At Intel Israel, a major private sector employer, most of its 11,700 workforce have been able to work from home for years. However, the 4,400 production workers at its chip fabrication facilities in Kiryat Gat don’t have that option.

Levi said the challenge will be to reduce the damage to the economy if the virus puts large number of people in quarantine.

But even in the high-tech sector, where work at home has been widely practiced for years, executives warned that it was no panacea. “Sales meetings can’t be done by video calls,” said a senior industry executive, expressing worry that a quarantine could make itself felt most painfully in fewer sales orders.

“High-tech is also vulnerable to [global] recession, perhaps even more so than other sectors, since these are global companies,” he added.

In the public sector, a committee of treasury and Civil Service Commission officials began working last week on plans for the work-at-home initiative.

The panel is now gathering information on which employees need to be at their jobs at all times, in particular, those having a direct hand in the government’s efforts to contain the epidemic and can work from home. Ministries are also being asked to provide lists of the most essential staffers, in case Israel goes into mass quarantine.

“At this stage, the directive only deals with examining the options for expanding work at home in the event of a mass quarantine,” said one official.

The work-at-home plan will only apply to government employees who don’t need to be a physical contact with the public. Workers who need access to secure and sensitive data will also be excluded, as will those who don’t have online connections or a PC capable of handling the kind of work they do.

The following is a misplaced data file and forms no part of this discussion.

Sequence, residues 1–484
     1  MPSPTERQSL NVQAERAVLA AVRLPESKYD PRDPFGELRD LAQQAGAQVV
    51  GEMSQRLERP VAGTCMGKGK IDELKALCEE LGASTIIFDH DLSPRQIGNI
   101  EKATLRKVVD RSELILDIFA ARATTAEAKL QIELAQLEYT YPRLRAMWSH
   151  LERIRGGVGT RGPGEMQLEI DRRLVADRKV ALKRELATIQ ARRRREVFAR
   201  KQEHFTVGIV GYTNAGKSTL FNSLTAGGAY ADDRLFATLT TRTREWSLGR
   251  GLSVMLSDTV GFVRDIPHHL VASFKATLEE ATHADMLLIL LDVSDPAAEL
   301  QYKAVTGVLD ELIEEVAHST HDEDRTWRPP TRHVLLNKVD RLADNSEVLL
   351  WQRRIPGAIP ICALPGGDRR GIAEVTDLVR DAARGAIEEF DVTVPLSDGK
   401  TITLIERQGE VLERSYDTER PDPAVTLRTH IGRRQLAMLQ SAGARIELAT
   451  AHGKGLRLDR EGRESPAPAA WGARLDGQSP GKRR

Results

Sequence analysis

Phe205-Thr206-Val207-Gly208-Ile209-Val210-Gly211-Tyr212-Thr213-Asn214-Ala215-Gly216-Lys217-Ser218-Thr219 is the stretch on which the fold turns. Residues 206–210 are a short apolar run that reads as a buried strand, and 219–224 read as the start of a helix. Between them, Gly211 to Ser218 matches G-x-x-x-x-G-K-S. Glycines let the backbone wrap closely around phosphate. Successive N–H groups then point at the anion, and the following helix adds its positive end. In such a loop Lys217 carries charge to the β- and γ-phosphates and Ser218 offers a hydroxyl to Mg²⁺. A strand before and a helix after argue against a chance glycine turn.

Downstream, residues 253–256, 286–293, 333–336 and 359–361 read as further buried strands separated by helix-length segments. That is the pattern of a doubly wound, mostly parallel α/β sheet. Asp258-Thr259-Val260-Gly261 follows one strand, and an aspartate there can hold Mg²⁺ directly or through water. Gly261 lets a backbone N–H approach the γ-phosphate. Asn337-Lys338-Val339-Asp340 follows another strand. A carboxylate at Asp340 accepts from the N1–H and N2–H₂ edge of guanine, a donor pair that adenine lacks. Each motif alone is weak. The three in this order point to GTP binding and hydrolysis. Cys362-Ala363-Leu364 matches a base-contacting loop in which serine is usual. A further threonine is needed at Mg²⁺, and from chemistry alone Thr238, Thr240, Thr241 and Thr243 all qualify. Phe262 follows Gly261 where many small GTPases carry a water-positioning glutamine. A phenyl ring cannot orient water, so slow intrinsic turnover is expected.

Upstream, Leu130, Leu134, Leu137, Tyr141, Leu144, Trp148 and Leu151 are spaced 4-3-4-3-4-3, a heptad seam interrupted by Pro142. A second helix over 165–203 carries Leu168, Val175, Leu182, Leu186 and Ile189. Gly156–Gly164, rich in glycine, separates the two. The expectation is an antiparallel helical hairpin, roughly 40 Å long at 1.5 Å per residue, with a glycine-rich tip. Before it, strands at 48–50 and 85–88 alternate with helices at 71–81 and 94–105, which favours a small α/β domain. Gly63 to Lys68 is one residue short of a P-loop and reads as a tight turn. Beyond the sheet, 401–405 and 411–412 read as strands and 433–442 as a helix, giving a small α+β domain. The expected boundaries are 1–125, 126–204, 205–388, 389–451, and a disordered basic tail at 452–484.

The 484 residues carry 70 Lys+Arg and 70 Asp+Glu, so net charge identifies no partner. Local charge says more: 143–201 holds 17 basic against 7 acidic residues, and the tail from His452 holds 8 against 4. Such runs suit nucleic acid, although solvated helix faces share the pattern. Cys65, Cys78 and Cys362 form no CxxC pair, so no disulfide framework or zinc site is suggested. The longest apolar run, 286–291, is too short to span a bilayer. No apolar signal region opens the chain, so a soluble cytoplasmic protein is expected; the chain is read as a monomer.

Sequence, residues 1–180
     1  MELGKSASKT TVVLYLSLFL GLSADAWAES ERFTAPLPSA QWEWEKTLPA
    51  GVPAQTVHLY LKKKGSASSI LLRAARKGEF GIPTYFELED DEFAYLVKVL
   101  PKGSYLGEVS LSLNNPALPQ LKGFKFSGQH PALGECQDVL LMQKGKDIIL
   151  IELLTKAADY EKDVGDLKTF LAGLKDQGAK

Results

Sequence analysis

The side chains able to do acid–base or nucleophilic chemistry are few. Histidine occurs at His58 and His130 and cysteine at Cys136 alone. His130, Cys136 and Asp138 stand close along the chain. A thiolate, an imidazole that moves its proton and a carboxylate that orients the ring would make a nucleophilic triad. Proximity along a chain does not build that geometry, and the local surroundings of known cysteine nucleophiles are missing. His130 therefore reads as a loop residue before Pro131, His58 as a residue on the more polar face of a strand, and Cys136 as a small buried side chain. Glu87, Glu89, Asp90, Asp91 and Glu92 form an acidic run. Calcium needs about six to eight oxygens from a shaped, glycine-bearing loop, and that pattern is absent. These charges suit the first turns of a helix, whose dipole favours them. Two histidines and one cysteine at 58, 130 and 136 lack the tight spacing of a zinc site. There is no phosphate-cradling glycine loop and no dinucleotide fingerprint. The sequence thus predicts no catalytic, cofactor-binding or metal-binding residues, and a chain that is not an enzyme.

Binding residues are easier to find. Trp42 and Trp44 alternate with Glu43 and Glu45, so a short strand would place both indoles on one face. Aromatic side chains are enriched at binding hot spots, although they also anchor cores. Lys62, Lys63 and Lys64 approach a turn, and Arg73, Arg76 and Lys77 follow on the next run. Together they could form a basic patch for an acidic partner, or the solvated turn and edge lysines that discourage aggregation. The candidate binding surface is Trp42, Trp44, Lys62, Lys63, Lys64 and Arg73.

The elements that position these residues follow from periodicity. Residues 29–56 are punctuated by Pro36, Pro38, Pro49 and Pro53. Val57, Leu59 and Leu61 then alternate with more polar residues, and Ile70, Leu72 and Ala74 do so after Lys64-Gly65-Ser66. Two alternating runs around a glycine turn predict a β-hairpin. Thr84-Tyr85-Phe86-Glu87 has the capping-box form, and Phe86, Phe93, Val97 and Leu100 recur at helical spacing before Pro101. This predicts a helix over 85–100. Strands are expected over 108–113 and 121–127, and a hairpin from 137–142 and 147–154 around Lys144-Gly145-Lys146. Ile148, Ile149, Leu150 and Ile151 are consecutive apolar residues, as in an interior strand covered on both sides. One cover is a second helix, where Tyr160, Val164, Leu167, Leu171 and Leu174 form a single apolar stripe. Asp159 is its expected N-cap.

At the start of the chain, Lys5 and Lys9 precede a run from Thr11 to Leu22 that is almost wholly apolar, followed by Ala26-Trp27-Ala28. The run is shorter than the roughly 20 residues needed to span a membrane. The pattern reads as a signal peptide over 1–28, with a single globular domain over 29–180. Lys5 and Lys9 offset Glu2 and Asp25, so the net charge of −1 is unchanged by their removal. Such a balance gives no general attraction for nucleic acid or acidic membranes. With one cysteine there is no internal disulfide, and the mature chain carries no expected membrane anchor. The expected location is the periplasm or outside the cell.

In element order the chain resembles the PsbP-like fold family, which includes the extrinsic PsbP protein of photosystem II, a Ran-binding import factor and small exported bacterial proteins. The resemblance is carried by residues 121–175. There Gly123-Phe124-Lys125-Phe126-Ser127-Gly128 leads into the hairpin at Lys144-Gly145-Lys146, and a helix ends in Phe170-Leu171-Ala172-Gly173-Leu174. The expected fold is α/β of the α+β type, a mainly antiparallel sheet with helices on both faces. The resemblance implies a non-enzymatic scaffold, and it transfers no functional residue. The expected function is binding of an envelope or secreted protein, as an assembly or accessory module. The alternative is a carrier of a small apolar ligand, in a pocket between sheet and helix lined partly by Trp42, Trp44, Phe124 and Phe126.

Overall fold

Information technology chiefs in the ministries are being quizzed on their ability to handle traffic loads from employees working from home. Although the ability to work online from home is theoretically simple, it has not been tested on a mass basis.

Some state-owned companies have already conducted trial runs. At Israel Electric Corporation, which already counts a few score employees in quarantine, has been working with Citrix Systems to facilitate video conferencing by employees’ laptops at home. It has been holding meetings with some participants attending in person and other by video conferencing.

At the state-owned water company Mekorot, 500 of the company’s 1,700-strong headquarters staff have been set up to work from home, if needed.

Legal obstacles

Beyond the technical challenges, the government’s work-at-home program faces some legal and contractual ones as well. For now, Israelis in quarantine are either designated as sick or at risk of illness. Sick employees are not supposed to be working, including working from home – a principle that the Histadrut labor federation is expected to stand on.

Thus, government officials are at pains to define the situation of a mass quarantine as a national emergency in the form of a “national quarantine event” where workers are told to stay at home to prevent a public health crisis.

Still, Levi said many workers may find they are performing more efficiently and don’t mind not being at the office. He pointed to a friend of his who works for an apparel company and returned from Milan a week ago and is now in quarantine for two weeks.

She told him that 80% of her job involves dealing with foreign customers with whom she communicates online and by telephone. The challenge is the other 20% of her work, which involves supervising deliveries, for example, that requires her to be physically present at her workplace.

But, Levi said, his friend was happily at work at the end of last week – two days into her quarantine. She reported working so hard she had all but forgotten that she was in isolation. If she hadn’t, she adds, she would be going stir crazy.